Some tech investors start offering cash to prop up their companies, others take to Twitter to push the Biden administration to act.
“Thousands of companies will fold or lay people off next week because of lack of access to accounts through no fault of their own,” tweets former presidential candidate Andrew Yang in a typical message, asking Treasury to step in or risk “spreading financial contagion.”
Late Friday, Treasury officials brief lawmakers on the Senate Banking Committee and the House Financial Services Committee; one Republican staffer seeks assurances the plans will not lead to more regulation.
The FDIC makes a record withdrawal of $40 billion from the Treasury General Account as it seizes control of Silicon Valley Bank, an amount many times larger than any previous draws.
SATURDAY, MARCH 11
Regulators learn a second bank, New York-based Signature, which had almost a quarter of its deposits from the cryptocurrency sector, is facing similar liquidity problems.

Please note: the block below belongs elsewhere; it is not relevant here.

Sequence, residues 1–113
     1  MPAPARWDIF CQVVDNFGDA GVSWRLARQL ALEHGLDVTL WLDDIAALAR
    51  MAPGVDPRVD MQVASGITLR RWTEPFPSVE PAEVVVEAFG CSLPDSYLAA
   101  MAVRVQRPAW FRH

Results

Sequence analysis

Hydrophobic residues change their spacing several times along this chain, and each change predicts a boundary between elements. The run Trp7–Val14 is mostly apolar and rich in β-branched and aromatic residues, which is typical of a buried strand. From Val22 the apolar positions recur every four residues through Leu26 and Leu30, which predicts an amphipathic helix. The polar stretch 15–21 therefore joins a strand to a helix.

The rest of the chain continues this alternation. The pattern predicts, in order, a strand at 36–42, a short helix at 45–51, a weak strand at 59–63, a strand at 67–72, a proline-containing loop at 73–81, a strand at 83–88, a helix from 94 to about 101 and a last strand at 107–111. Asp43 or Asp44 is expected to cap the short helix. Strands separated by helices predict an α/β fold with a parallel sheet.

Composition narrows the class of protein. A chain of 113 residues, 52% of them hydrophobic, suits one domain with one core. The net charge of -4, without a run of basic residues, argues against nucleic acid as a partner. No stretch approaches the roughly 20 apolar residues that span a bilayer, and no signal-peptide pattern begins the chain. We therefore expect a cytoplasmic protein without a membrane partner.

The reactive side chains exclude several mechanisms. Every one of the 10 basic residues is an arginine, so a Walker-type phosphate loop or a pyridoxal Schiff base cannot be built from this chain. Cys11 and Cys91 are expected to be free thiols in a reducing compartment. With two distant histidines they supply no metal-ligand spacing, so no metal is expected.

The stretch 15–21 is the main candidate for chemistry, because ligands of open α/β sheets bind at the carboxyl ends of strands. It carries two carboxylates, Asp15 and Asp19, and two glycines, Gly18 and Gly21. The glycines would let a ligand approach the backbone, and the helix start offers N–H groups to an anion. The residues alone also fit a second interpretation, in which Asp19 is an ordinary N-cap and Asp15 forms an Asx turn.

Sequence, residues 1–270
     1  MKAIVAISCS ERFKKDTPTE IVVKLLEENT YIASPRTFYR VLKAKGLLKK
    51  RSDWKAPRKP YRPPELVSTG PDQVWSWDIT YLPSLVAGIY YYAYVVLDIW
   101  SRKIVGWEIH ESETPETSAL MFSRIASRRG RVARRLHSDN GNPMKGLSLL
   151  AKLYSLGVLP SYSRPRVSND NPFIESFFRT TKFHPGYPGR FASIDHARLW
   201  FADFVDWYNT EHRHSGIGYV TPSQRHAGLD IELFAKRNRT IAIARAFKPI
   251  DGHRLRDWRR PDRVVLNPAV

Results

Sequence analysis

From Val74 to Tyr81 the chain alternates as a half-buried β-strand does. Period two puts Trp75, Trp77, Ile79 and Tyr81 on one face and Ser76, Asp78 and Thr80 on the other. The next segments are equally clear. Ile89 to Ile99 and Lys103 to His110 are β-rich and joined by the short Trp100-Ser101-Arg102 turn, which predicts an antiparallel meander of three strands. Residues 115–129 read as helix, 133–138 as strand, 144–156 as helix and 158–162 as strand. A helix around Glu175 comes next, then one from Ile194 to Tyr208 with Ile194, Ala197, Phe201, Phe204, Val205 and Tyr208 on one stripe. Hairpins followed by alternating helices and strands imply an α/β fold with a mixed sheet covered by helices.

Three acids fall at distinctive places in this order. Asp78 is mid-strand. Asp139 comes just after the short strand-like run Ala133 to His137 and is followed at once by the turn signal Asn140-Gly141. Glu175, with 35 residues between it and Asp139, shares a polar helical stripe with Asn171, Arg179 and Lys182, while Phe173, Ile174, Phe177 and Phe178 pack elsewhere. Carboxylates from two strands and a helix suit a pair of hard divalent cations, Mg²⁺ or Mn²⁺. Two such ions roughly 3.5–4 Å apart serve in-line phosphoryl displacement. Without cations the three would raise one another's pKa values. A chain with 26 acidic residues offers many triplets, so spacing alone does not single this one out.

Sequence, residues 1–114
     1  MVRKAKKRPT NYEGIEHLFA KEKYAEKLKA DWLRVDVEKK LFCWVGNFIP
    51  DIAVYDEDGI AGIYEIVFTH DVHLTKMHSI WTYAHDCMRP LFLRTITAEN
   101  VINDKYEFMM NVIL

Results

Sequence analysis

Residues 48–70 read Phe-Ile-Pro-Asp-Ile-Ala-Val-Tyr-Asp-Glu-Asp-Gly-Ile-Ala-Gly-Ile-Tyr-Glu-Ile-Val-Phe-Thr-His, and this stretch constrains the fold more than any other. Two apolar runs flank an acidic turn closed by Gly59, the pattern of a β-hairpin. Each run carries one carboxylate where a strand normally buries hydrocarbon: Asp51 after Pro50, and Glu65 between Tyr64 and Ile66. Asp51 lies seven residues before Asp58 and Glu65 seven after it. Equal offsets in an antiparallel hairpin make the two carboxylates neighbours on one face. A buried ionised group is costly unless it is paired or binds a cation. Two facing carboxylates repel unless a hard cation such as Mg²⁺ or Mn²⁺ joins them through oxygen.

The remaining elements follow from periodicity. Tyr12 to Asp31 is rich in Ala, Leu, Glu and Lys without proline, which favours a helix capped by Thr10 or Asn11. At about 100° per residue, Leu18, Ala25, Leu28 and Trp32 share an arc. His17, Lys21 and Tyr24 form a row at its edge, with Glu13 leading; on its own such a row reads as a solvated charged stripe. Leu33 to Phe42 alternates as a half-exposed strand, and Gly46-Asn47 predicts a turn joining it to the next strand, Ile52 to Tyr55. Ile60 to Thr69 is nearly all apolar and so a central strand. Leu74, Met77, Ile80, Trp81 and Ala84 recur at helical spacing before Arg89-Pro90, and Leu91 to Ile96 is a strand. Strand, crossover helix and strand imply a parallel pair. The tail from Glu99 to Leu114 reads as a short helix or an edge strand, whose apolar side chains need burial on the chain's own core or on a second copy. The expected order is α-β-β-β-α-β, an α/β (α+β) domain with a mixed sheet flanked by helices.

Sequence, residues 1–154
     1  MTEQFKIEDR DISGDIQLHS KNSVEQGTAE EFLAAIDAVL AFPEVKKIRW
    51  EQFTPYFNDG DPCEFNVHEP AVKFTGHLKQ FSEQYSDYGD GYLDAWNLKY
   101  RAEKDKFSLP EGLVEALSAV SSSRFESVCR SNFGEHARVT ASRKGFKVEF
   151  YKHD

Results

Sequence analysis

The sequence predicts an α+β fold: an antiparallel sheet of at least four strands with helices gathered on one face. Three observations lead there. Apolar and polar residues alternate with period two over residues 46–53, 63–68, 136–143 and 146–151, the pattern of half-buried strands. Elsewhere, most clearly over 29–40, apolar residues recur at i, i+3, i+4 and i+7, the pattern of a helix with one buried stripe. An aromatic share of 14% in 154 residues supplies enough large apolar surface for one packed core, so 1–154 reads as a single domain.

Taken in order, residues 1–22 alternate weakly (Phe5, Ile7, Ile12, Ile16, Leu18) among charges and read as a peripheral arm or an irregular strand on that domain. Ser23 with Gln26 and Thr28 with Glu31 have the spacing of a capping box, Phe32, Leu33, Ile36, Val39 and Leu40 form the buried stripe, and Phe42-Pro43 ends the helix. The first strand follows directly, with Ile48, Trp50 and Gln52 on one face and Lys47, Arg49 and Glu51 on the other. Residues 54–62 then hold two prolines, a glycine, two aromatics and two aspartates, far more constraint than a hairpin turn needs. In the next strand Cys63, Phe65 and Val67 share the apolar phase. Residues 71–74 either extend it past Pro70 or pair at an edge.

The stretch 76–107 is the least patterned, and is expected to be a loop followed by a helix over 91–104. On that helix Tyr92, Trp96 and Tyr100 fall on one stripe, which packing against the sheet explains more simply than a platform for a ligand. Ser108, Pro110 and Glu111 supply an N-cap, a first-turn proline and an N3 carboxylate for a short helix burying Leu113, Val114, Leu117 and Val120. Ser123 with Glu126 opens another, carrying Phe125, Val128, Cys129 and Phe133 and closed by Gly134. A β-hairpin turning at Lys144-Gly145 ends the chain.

U.S. Treasury staff hold virtual morning meetings, deciding to: 1) Look for a buyer; 2) provide a systemic risk exemption to protect depositors; 3) revamp the terms of a Fed facility to permit more borrowing.
Yellen meets again with Powell, Fed Vice Chair for Supervision Michael Barr, and Gruenberg from the FDIC, and they agree to do all three. The rush is on to assure SVB’s depositors that they can make payroll on Monday and get ahead of Asian markets opening on Sunday around 6 p.m. ET.
Depositors will be “made whole,” but the bank’s management will be removed and investors will lose their funds.
U.S. officials jump into “hundreds of Zoom calls” and answer emails from anxious lawmakers worried about small businesses in their districts, tech industry executives, and business owners who fear they will have to lay off workers, a White House official says.
Meanwhile, Garry Tan, the CEO of startup accelerator Y Combinator, fearful of what he calls a potential “extinction level event” in the tech sector, launches a petition signed by more than 3,500 CEOs and founders, appealing directly to Yellen.
Saturday evening, more than 600 Washington VIPs, including administration officials, lawmakers, reporters and editors gather for the annual white-tie Gridiron Dinner. Brainard and a key aide to Yellen both cancel at the last minute.